In the time before postcards, soldiers who wanted to send a token to their loved ones at home had to get creative. Soldiers in the Boer War would tear off a piece of their uniform and send it with the message ‘torn from my coat I send to thee, this war worn piece of old khaki’.
Archivist Jennifer Jerome discovered this lovingly decorated scrap of cloth from an army uniform in a box of anonymous donations, and set about finding out its story.
The inscription reads:
Torn from my coat I’m sending to thee
This war worn piece of Old Khaki
With luck and love from one alone
To thee “My Love” and the “Dear old Home”
Trooper K Ward to Miss E. Taylor
Who was Trooper K Ward, and what was his relationship to Miss E Taylor?
As it turns out, John Kenneth (Kenny) Ward Kenny Ward (1875-1925) is not too hard to find. Kenny’s first career was as a butcher. However, he gained local fame as a comedic performer. He appeared regularly in several Tasmanian papers, which record Kenny performing at events such as the ‘Butchers variety concert’, Democratic League Smoke Socials, and local fundraising events. An account in the Mercury of February 1898 remarks “Kenny Ward as a comic singer, won unbounded applause, and three encores”.
It was in one of these concerts that young Kenny appears to have developed a fondness for Eva Taylor (the dancing girl with the impressive back-kick). The two were billed together on a number of occasions, but the friendship did not progress to any lasting romance. After returning from a second tour in South Africa in 1902, Kenny married Ambrozine (Ida) Smith on 15th of March 1905 at Trinity Church Hobart.
Kenny left Hobart in April 1900 with the 1st Tasmanian Imperial Bushmen in the troopship Manhattan to serve in the Boer War. He returned in 1901, but immediately re-enlisted in the 2nd Commonwealth Contingent. In the ‘Jamieson Raid’ Kenny was said to have been instrumental in the capture of a Maxim gun from the Boers. At the soldiers’ request, the Maxim gun was placed at the ‘Hobart Museum’. However, the Tasmanian Museum and Art Gallery has not been able to find records of the gun in their collection.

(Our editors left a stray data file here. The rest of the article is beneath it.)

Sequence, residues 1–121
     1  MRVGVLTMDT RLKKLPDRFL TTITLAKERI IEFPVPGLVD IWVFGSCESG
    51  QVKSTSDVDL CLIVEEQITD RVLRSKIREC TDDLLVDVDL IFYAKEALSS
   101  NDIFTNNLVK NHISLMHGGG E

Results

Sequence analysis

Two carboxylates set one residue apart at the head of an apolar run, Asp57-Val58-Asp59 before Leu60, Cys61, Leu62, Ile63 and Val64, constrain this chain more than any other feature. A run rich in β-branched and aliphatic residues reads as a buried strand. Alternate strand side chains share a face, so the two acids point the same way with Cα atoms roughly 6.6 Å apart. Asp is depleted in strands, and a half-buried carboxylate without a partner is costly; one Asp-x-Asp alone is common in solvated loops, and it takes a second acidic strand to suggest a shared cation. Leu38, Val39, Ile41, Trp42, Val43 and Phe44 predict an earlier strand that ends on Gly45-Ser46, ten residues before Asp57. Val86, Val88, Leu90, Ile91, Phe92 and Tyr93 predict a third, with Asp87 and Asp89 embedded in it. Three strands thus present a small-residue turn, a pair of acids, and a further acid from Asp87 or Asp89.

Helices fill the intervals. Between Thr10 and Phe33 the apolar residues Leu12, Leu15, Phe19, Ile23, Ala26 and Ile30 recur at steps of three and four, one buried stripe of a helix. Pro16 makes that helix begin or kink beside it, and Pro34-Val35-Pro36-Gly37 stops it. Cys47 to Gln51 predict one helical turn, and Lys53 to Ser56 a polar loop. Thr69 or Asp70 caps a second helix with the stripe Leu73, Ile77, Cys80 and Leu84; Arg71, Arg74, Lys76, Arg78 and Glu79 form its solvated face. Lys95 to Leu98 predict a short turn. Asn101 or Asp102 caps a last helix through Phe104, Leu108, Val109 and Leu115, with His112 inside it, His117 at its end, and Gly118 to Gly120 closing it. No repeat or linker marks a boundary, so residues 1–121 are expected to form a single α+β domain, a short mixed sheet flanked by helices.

Kenny’s other passion was horses. He was a horse owner and rider with the Hobart Trotting Club, where he won the 1st class 1.5 mile race on his horse ‘Highlander’ in April 1908. However, he is also noted as ‘running into a post’ with his horse Oakwood’ in a 1909 race. Below you can see an example of the Hobart trotting scene in a video from the Hobart Show, 1951.
In the early 1900s Kenny turned his talents to the art of barkeeping, as the licensee of the Argyle Hotel (1910) and the Caledonian Inn (1916). Like many men of his generation, when the Great War broke out Kenny was still of an age to take part. Was it only a sense of duty that prompted him to re-enlist? Or was this spirited larrikin hoping to relive the glory and camaraderie he experienced while fighting in his youth? In 1916, at the age of 41, Kenny signed up to join the 40th Battalion in WWI, leaving Ida to run the inn.
Kenny moved back and forth between the ranks and positions as Acting Corporal or Sergeant. During one stint as Acting Sergeant Kenny was admonished for being absent without leave. He was severely injured during this period of service. While in France he sustained gunshot wounds to the face, head and left arm. He was medically discharged in June 1918, as a Lance Corporal.
After the war Kenny continued to work with race horses and in 1925 he was listed as working as a ‘government messenger’.
Kenny passed away on 29/6/1925 at the age of only 55. He was given a warm send-off by his wife and many of his comrades.
The journey that this piece of cloth took to reach our archives is still a mystery. Torn carefully from a coat, it accrued special significance as it was carefully decorated by Kenny, or one of his troop. We don’t know for sure that it was ever sent to Miss Taylor, but the message of love, imbued with the memories of a war and embellished with the pride of an empire, has kept this little scrap from being discarded.
Another example of a decorated swatch of khaki sent from the Boer war can be found at the Australian War Memorial.
More about Kenny Ward:
Boer War record: https://discoveringanzacs.naa.gov.au/browse/records/149316
World War 1 service record: https://discoveringanzacs.naa.gov.au/browse/records/353280/1
A photograph of Kenny can be found in John Bufton’s 1905 publication Tasmanians in the Transvaal War.
More about Tasmania’s involvement in the Boer War:
Alomes, Stephen. ‘Island, nation and empire : collective identification in Hobart during the Boer War’ in Tasmanian Historical Research Association. Papers and proceedings. Vol. 23, no. 1, March, 1976. (Hobart, Tas. : THRA, 1976)
Australian War Memorial, https://www.awm.gov.au/articles/atwar/boer
Bufton, John, Tasmanians in the Transvaal War, (New Town, Tas. : S. G. Loone, 1905.)
Reynolds, Henry, Unnecessary wars, (Sydney, NSW : NewSouth Publishing, 2016)
Robertson, Jill, Not for self but empire : the story of a Bellerive soldier in the Boer War 1899-1902 : Frank Edward Morrisby, (Bellerive, Tas : Bellerive Historical Society, 1994)
Sargent, John R, For Queen and country : the cementing of the Empire : a tribute to Tasmanian contributions to the Boer War, 1899-1902, including the Bellerive connection (Bellerive, Tas. : J. Sargent, 1999.)
Watson, Reg A., A Tasmanian’s participation in the “forgotten war” (The Boer War). (Blackmans Bay : R. A. Watson, 1981)